By Nick Anderson
Among the 15 cases the Government Accountability Office reviewed was that of former Manassas teacher Kevin Ricks, who pleaded guilty this year to abusing a male student and faces other sex and pornography charges related to his long career in education. The Washington Post in July disclosedquestions about Ricks, his school employment record, and allegations against him of sexual advances toward several students in Maryland and Virginia.
Eleven of the 15 cases, the GAO reported, showed that offenders who had previously targeted children were able to obtain positions in schools.
“Even more disturbing,” the report concluded, they were able in at least six cases to use those positions to abuse more children. The report found:
An Ohio teacher who worked in multiple public schools from 1993 to 2006 was forced to resign from one position because of inappropriate conduct with female students but received a letter of recommendation from his superintendent. He then landed a job in a neighboring district, where he was convicted of sexual battery against a sixth-grade girl.
A teacher and registered sex offender who had lost his license in Texas was hired by Louisiana schools in 2006 and 2007 without undergoing a criminal background check. There is a warrant for his arrest on charges that he engaged in sexual conversations with a student.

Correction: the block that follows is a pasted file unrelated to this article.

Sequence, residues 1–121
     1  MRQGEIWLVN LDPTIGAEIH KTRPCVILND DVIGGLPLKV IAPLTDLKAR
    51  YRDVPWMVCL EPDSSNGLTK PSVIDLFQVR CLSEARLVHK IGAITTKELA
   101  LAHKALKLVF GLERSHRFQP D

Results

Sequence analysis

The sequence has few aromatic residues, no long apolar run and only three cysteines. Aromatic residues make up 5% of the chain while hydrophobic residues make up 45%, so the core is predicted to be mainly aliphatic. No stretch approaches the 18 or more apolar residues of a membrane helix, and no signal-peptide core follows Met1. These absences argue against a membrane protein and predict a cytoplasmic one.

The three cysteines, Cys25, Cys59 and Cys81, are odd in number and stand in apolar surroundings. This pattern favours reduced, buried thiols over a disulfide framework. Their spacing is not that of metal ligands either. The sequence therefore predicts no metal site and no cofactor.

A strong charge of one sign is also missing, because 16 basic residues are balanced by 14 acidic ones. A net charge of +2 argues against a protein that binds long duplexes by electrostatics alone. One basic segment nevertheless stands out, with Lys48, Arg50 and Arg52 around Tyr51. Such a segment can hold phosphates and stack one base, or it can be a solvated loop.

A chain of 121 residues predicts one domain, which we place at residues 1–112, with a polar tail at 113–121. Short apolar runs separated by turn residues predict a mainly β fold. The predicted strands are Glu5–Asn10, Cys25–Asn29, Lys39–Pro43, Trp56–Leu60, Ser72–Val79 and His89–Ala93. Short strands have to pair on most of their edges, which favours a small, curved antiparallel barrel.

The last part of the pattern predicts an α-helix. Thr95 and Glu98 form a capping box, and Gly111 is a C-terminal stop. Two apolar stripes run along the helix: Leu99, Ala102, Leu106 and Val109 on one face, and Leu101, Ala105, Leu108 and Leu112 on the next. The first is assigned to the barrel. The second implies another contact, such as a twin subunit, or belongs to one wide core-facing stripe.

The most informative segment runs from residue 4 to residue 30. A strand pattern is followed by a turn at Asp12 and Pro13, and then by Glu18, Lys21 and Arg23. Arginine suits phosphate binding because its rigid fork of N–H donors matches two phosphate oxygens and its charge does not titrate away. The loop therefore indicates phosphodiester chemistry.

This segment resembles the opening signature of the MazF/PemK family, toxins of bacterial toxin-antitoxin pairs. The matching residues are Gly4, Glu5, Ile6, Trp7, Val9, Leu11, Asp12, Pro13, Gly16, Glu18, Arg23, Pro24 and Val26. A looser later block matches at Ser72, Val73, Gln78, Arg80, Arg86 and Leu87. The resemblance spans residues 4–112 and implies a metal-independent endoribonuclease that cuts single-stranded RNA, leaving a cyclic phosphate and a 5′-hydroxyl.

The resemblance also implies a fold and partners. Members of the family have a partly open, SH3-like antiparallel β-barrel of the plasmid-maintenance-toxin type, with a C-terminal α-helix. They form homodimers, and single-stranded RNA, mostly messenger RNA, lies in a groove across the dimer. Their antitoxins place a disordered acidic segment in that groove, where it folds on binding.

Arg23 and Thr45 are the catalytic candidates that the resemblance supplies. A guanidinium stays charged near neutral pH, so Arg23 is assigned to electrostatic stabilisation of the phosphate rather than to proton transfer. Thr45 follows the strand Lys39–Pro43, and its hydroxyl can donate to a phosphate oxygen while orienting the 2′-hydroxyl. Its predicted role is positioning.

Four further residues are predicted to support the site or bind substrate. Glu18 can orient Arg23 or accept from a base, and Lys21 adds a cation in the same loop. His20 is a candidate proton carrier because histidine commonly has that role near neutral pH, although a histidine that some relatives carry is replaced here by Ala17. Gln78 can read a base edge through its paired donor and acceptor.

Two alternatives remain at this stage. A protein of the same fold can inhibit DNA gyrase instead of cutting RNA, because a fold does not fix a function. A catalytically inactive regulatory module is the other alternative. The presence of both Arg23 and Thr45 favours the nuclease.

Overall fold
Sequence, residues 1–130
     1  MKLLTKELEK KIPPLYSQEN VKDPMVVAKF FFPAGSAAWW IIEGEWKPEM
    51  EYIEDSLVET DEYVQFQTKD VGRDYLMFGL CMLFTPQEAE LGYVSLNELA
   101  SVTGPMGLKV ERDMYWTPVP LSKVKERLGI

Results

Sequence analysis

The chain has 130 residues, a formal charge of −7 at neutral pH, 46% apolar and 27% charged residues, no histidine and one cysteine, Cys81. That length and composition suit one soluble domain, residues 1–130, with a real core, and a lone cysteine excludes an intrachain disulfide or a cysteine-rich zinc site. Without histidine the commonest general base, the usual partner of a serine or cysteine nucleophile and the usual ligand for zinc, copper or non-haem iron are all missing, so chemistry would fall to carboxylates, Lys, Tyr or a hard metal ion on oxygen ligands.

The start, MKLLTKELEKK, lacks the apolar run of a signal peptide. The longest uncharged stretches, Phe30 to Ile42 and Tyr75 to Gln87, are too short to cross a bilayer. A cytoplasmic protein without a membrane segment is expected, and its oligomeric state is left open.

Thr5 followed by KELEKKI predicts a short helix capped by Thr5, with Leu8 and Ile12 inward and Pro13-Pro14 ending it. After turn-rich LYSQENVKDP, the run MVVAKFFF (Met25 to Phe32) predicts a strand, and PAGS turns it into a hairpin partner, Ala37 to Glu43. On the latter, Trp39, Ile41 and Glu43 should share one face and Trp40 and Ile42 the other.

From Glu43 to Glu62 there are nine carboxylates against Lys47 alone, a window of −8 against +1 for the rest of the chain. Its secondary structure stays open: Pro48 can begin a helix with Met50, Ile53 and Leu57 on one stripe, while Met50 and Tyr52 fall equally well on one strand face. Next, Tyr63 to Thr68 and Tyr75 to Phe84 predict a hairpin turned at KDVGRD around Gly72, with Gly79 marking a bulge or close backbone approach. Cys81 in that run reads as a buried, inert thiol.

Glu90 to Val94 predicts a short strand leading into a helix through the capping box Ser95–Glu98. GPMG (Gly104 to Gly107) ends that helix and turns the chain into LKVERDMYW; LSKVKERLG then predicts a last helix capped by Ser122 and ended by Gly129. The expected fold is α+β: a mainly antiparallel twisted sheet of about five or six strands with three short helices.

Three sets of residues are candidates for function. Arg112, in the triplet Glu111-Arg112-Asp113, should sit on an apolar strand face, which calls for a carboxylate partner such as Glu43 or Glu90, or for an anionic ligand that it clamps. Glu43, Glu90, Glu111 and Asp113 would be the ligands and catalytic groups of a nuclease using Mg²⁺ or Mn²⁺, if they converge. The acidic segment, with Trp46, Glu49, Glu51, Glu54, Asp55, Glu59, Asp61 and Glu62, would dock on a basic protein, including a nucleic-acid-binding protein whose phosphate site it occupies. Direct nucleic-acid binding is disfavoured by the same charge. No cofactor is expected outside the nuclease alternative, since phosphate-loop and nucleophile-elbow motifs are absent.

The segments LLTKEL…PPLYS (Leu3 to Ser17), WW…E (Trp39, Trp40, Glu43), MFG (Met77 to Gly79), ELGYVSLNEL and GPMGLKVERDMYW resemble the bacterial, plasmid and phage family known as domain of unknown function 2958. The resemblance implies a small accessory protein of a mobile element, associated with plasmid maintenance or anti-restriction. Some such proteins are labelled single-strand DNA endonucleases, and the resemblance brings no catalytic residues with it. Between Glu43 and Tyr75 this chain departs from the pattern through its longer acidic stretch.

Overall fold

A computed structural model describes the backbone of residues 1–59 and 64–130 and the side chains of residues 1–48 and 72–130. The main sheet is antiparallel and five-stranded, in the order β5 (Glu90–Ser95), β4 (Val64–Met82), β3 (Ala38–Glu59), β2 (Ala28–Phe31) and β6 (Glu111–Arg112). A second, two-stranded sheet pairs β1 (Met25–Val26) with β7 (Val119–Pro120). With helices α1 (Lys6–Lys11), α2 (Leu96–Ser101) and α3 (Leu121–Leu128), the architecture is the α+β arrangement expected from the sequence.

An Arizona public school hired a teacher in 2001 after failing to conduct a criminal background check. The teacher had been convicted of sexually abusing a minor. Subsequently, he was convicted of having sexual contact with a young female student.
“This report is horrific and incredibly troubling. It is very clear from GAO’s work that there was a major breakdown in the schools highlighted in this report – and quite possibly, in many more schools across the country,” said Rep. George Miller (D-Calif.), chairman of the House Education and Labor Committee, who requested the investigation.
The GAO compared a national sex offender registry with employment databases in 19 states and the District from 2007 to 2009. It also examined public records and interviewed officials involved in dozens of cases from 2000 to 2010 that led to criminal convictions.
The report found at least three reasons why people with backgrounds of sexual misconduct could get hired.
First, many school officials who find misconduct allow teachers to resign quietly rather than pursue termination. Some officials said termination would be costly and time-consuming and would expose their districts to litigation. “One administrator told us that it could cost up to $100,000 to fire a teacher, even with a ‘slam dunk case,’ ” the GAO reported.
In three cases, the GAO found that school officials provided positive recommendations or reference letters for teachers who voluntarily left but would have been subject to disciplinary action. Suspected abuse, the GAO found, was not always reported to law enforcement.
Second, school officials sometimes fail to perform criminal background checksbefore making hiring decisions. Even when they do, those checks can prove inadequate. Some schools only search criminal databases within their state and therefore miss convictions elsewhere.
Third, schools sometimes fail to notice red flags. The Arizona offender was hired even though he had answered “yes” on a job application about whether he had been convicted of “a dangerous crime against children.” There was no indication that school officials followed up on that matter.